Unlike Domaine du Docteur Rodgers, where it is a challenge to keep sugars in check, “This vineyard is right on the edge for producing ripe grapes—even for Pinot Noir,” Rodgers tells Wines & Vines of Domaine Lois Louise, where it is not uncommon for the valley area to be shrouded in fog from the Pacific Ocean until 11 a.m. “The slope on the top vineyard (Twisty Ridge) gets maximum ?sun all day long, and it needs it.”
Rodgers says the planting density at Domaine Lois Louise is about 2,500 vines per acre, and a relief valve is installed every 50 feet of the irrigation system ?to control pressure buildup. A weather monitor created by Adcon delivers information to the Rodgers’ home ?in Woodside.
Between the vineyard climate, planting choices and farming practices (Rodgers calls for cluster thinning when yields approach the 2 tons per acre mark), Domaine ?Lois Louise produces just 1 ton of fruit ?per acre, resulting in what Rodgers calls “an intensely concentrated wine.”
Sustainable, organic and Biodynamic
With the Rodgers’ backgrounds in the high-tech sector (Valeta was a senior SRAM design engineer before taking over day-to-day operations at the winery), Clos de la Tech seems an unlikely candidate for vineyard practices that some would consider the domain of Northern California hippies. But Valeta Rodgers tells Wines & Vines she has been leading an experiment in Biodynamic growing for the past five years.
“We do the whole thing, we do the moon calendar,” she says, “and we’ve seen no difference at all.” In fact, Rodgers adds that in order to see the results from a product approved for Biodynamic use, she has to use a lot more of it than a product deemed fit for sustainable vineyards.
A foray into customization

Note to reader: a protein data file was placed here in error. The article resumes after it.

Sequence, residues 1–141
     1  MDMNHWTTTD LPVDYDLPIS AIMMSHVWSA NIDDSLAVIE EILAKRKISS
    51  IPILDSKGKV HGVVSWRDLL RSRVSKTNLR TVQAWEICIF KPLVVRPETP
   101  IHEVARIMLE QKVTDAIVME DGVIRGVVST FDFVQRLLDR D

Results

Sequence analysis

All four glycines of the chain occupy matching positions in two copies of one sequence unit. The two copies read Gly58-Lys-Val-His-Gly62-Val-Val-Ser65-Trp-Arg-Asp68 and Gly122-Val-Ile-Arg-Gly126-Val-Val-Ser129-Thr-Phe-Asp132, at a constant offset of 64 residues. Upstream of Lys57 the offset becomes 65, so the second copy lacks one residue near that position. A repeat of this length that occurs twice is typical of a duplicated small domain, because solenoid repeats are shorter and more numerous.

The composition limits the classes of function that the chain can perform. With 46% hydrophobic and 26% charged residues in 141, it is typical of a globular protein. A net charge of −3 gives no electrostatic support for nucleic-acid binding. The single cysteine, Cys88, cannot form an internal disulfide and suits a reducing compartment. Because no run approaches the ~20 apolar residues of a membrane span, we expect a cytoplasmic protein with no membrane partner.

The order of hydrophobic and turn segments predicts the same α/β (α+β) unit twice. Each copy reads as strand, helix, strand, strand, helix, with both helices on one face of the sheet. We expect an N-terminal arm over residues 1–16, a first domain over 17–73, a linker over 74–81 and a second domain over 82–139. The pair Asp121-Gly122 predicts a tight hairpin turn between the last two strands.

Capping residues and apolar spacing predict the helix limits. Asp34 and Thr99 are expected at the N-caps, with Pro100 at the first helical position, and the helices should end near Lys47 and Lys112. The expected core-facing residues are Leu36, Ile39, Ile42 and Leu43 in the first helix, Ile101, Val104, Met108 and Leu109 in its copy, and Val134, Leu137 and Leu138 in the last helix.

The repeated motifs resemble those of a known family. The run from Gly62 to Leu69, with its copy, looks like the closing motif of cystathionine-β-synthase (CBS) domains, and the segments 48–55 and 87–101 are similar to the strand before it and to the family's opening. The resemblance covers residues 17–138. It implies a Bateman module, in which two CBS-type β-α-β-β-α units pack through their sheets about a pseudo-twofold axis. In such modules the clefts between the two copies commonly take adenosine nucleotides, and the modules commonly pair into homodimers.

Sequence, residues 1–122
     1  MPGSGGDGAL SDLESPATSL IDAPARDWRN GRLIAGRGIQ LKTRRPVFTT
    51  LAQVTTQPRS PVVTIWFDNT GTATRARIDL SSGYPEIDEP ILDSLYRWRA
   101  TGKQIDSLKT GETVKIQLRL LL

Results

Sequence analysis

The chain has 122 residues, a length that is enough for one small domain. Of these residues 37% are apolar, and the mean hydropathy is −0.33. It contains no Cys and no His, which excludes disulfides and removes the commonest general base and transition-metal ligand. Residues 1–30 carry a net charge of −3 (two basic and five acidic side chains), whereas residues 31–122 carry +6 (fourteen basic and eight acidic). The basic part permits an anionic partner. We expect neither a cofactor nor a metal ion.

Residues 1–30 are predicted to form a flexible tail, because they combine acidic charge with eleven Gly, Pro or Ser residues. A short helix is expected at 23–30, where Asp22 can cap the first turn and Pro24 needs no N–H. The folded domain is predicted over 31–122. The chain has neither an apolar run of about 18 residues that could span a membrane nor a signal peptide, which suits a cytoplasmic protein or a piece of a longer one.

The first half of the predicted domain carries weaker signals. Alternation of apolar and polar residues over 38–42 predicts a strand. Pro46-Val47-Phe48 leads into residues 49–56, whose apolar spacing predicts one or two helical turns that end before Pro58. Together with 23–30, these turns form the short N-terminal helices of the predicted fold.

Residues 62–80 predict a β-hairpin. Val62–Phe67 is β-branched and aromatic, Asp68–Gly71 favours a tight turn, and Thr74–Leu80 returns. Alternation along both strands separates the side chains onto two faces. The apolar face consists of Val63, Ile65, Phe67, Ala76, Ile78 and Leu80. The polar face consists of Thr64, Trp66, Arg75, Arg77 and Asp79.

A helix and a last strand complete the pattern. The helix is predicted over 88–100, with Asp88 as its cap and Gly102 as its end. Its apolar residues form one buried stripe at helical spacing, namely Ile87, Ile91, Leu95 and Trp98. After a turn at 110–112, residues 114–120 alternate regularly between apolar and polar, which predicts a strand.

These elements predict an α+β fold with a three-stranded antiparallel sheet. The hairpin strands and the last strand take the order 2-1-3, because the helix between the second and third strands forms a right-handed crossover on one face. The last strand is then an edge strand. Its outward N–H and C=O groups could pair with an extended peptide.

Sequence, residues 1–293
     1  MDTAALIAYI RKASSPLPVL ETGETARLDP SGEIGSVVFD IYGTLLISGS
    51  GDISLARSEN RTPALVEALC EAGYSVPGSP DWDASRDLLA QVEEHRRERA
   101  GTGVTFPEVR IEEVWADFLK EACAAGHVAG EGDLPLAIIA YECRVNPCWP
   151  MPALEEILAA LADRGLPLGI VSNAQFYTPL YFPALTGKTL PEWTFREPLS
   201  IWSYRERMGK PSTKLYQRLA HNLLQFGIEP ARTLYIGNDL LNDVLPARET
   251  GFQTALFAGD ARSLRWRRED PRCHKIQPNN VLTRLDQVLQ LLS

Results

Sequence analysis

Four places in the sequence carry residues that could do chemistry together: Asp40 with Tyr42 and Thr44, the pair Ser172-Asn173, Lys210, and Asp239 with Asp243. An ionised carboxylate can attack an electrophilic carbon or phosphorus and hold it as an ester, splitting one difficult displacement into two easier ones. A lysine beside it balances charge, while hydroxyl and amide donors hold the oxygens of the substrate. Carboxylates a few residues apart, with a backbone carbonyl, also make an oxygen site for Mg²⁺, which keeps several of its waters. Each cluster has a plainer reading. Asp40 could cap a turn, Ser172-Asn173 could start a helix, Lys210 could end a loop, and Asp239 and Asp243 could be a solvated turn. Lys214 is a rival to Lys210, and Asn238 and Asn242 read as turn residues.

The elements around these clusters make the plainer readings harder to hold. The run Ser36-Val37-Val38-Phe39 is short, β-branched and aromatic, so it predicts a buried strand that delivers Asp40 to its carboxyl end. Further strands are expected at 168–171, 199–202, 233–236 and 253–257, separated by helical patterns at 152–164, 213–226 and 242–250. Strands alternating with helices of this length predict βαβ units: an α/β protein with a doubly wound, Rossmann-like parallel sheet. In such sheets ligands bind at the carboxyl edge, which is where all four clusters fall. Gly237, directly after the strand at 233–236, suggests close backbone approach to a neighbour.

Standing atop the ridge that overlooks Domaine Lois Louis e, farming and harvesting the steep, closely spaced rows below appears daunting if not impossible.
There is a 966-foot climb in elevation at the site, combined with a side slope of around 25°. Nano tractors can be unstable at such steep inclines, causing them to tip over, TJ Rodgers says. He worked with Clemens GmbH to design a multi-row tractor that would fit the narrow rows at Domaine Lois Louise. The result functions like a cable car: At the top of the vineyard the tractor is hooked to cables that pull it up and down the rows as well as around corners. A driver sits on top and controls the machine using a joystick.
When TJ Rodgers first started making wine, he crushed and stored his wine at Woodside Vineyards in nearby Menlo Park, Calif. But after purchasing Domaine Lois Louise, he knew that trucking grapes to a flatlands winery would be awkward and expensive. For three years, Rodgers spent three hours every Saturday and Sunday designing the winery. He solicited the advice of architects and professors, contractors and even a 1950s textbook written in Russian. In the end, he got what he wanted: a gravity-flow winery with three separate caves: one for crush and fermentation, another for barrel aging and a third for bottling and case storage.
The winemaker calculated the width of the first tunnel by determining the space necessary to accommodate two fermentors side by side. Much of the floor area goes unused now (production currently stands at 2,000 cases per year), but Rodgers designed the space to accommodate up to 10,000 cases per year.
A train brought steel ribs for the cave from North Carolina to California, and during construction, a cement plant was set up in front of the caves. “When you cut that wall,” Rodgers says, “you want to put concrete on it almost immediately—like within 10 minutes.”
Rodgers says that on paper building a cave is cheaper than a standalone building. In reality it proved more expensive, but he is pleased with the outcome. A wine lab and an 1,800-square-foot apartment are built into the cave above the barrel-storage area.
Sorting and natural fermentations
Clos de la Tech uses whole clusters for Pinot Noir fermentation, but the hand-sorting process is rigorous nonetheless. “The sort is two times more labor intensive than the pick,” Rodgers says, explaining that all the leaves must come out.